Infectious diseases, HIV


The Italian National Institute of Health (ISS) is at the forefront in the fight against infectious agents which, constantly changing over time, make it necessary the frequent updating  of priority actions.

The ISS implements surveillance, prevention and control measures against emerging diseases such as those deriving from the spread of antibiotic-resistant biological agents commonly found in hospital environment, and those transmitted by vectors, such as chikungunya, dengue and West Nile.

Vaccine preventable diseases, although they have been reduced due to effective interventions, represent a significant burden of diseases which require to maintain a high level of attention.

Viral hepatitis and sexually transmitted infections, as human papillomavirus (HPV) infection, are a paradigmatic example of how chronic infections can result in degenerative diseases and even cancers. A vaccine is available for hepatitis B virus (HBV) and HPV infection.

Infectious diseases include also neglected tropical diseases, as intestinal parasitosis and echinococcosis, found in many parts of the world.

With regard to HIV / AIDS, the antiretroviral therapy (ART), although it has saved millions of lives, does not eliminate the HIV from the body nor restore the immune system completely back to normal. Furthermore, it has limited effects if started late or not taken regularly.

In order to stop the HIV epidemic and assure those living with the infection (about 38 million people with HIV / AIDS in the world, including 20.6 million in Africa) better quality of life and life expectancy, the ISS develops surveillance, prevention and treatment strategies, working in cooperation with the National Health Service (SSN), Regions, developing countries and international bodies.

General aims of ISS research activities on HIV/AIDS include:

  • study and surveillance of the spread of HIV and its variants, and of co-infections in general and vulnerable populations
  • study of the mechanisms of infection, of development of AIDS and associated diseases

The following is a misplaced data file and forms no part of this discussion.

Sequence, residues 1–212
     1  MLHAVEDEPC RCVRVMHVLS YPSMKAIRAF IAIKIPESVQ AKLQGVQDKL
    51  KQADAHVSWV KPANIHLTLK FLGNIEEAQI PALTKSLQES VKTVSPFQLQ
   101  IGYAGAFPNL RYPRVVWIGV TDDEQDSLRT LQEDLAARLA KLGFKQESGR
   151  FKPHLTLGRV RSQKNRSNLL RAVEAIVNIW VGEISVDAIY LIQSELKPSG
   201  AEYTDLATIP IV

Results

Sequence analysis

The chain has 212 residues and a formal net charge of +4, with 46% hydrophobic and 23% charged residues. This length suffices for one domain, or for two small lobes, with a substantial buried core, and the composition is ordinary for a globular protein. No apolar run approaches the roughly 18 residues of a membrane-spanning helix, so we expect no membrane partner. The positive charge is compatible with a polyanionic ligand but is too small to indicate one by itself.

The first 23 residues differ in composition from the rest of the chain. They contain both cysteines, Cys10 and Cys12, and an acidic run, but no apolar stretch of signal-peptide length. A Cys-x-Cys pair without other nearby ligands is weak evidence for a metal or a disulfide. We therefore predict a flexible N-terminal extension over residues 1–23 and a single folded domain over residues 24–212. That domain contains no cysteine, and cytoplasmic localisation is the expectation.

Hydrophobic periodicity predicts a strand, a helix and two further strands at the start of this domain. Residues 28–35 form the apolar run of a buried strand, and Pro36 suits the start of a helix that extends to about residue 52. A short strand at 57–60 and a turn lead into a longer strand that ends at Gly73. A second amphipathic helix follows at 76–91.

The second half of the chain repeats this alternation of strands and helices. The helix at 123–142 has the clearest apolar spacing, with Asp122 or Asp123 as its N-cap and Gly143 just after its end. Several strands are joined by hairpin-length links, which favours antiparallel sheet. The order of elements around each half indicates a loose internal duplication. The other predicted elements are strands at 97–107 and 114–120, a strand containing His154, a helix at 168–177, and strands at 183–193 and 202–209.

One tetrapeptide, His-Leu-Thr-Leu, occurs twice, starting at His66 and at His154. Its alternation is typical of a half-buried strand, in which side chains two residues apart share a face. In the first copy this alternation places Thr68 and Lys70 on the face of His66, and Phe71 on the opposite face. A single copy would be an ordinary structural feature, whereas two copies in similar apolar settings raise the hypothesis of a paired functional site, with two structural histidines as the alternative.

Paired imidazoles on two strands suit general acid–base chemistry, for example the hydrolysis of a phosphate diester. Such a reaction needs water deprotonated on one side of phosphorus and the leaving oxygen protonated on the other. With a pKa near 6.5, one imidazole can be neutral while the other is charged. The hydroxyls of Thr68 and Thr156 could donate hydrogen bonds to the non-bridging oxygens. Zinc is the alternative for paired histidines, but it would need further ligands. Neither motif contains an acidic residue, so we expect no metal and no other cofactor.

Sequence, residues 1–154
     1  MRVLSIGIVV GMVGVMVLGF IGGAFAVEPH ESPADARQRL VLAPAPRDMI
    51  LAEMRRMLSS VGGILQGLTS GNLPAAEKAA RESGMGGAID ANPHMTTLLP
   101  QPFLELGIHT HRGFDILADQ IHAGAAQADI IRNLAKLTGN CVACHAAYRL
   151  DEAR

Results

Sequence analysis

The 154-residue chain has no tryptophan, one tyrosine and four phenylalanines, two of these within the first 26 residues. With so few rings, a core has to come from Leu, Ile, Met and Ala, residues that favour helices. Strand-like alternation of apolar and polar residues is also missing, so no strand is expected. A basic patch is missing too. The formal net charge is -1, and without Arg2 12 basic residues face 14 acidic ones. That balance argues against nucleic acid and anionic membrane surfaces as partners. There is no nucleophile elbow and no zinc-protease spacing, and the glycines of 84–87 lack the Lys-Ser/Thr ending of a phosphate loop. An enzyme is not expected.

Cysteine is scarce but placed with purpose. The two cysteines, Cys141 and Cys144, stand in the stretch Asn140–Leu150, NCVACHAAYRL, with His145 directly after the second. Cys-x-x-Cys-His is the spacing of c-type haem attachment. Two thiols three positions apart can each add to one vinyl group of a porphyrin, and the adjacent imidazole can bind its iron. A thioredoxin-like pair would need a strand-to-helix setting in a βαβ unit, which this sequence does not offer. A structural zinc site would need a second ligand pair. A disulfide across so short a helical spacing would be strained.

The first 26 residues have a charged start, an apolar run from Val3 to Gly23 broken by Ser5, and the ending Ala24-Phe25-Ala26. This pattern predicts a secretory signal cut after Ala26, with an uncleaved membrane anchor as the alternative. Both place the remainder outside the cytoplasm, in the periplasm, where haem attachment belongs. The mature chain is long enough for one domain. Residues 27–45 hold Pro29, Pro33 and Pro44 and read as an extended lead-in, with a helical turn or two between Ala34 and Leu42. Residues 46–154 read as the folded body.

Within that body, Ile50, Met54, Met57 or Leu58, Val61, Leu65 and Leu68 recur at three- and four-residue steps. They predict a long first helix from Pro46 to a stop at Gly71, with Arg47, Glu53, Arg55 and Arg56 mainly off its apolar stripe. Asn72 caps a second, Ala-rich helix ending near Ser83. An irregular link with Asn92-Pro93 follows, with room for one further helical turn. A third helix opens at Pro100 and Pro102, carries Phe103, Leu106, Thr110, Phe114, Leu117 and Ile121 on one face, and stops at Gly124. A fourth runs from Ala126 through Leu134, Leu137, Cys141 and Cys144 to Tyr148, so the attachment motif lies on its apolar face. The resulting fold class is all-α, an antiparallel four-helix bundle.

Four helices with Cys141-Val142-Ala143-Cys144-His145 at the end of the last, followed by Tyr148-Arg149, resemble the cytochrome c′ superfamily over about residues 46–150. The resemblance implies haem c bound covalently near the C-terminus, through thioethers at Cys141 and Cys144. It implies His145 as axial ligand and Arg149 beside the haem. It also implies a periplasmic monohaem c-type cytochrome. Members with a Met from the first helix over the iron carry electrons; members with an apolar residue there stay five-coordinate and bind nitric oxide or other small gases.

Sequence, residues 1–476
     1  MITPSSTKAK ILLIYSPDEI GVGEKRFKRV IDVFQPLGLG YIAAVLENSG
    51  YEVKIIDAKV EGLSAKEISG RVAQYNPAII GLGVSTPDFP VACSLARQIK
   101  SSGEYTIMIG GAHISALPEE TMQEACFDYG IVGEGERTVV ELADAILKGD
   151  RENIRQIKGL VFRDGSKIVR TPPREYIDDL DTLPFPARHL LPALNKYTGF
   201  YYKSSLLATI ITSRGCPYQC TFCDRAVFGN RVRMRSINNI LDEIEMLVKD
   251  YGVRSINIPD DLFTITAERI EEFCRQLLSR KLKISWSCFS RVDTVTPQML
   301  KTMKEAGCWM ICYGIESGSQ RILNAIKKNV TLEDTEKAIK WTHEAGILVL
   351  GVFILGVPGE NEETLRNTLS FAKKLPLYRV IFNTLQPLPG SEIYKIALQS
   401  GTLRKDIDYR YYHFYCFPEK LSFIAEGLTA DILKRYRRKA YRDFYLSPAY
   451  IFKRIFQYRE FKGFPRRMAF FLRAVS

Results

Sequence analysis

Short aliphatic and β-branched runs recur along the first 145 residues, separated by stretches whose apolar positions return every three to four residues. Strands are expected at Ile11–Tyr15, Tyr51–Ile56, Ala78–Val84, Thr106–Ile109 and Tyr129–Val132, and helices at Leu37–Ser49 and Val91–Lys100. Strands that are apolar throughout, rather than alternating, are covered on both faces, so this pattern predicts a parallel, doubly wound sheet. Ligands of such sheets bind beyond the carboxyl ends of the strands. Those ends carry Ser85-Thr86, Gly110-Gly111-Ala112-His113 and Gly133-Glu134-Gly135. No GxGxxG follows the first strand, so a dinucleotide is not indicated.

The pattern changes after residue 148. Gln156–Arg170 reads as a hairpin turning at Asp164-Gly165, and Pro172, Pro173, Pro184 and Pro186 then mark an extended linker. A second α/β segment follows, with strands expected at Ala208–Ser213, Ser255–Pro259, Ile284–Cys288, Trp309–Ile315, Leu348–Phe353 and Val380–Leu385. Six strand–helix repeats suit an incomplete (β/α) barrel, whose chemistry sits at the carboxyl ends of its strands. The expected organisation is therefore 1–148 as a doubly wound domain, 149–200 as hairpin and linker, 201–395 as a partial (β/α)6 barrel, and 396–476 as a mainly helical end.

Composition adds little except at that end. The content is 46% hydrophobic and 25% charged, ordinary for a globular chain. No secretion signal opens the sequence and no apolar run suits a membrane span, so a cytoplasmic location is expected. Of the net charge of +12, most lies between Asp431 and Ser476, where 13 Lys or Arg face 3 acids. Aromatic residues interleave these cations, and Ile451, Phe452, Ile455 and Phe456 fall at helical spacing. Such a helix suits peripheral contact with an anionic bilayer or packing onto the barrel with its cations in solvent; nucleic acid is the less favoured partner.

• facilitating ART adherence by improving its effectiveness and reducing its side effects
  • development of new strategies capable of preventing infection, reducing its progression and enhancing the effectiveness of ART, in particular preventive and therapeutic vaccines

HIV infection and co-infections with HBV and HCV

How HIV infection and associated HBV and HCV co-infections impact "fragile" populations, evolve and spread in Italy 

Continuous surveillance of HIV infection and HBV and HCV co-infections, in "fragile" populations and in the general population, is a key tool to implement timely public health interventions in order to limit  spread of these infections and, at the same time, optimize and customize effective preventive and therapeutic strategies. CNAIDS is committed to establishing a surveillance system for HIV variants. 

The HIV virus is characterized by an extensive genetic variability, responsible for the extreme diversification of circulating viruses in clades, which vary according to geographical areas. Subtype B is predominant in the USA, Europe, and Australia. Subtype C is widespread in the Indian Peninsula, Southern Africa, and the Horn of Africa and, alone, is responsible for about 50% of infections, worldwide. Subtype A is predominant in Eastern Europe and Central Asia. Finally, subtype D is present in Eastern Africa, south of the Sahara. The remaining clades have a local spread in different geographical regions, especially in Western Sub-Saharan Africa and Asia, where several clades are present. The infection with various subtypes also generates recombinant forms (CRF) whose number is constantly increasing, adding further complexity to the heterogeneity of HIV that appears significantly higher than initially thought. 

The global distribution of HIV strains is constantly evolving, fueled by trade, travel, military missions and migration. In Western countries, including Italy, infections supported by non-B subtypes are constantly increasing. As HIV continues to circulate globally, the current geographical distribution is likely to change in the short to medium term. The presence of numerous subtypes and CRFs can have an important impact on the public health. In fact, variants of the various viral subtypes and CRFs may show different capacities of transmission, avoidance of host immune response, resistance to antiretroviral therapy and disease progression. In addition, the genetic variability of the virus can have an impact on the sensitivity of the tests used for laboratory diagnosis and viral load measurement in the blood. 

“Fragile" populations are more exposed to HIV infection and co-infections by HBV and HCV (hepatitis viruses), which are also genetically variable and present, like HIV, with numerous genetic forms and different prevalence in the different geographic areas of the world. 

In this context, CNAIDS promoted a national programme for monitoring the HIV, HBV and HCV genotype variability of viruses circulating in the general Italian population and in “fragile” populations, such as immigrants and prisoners, as suggested by the European Union and the WHO.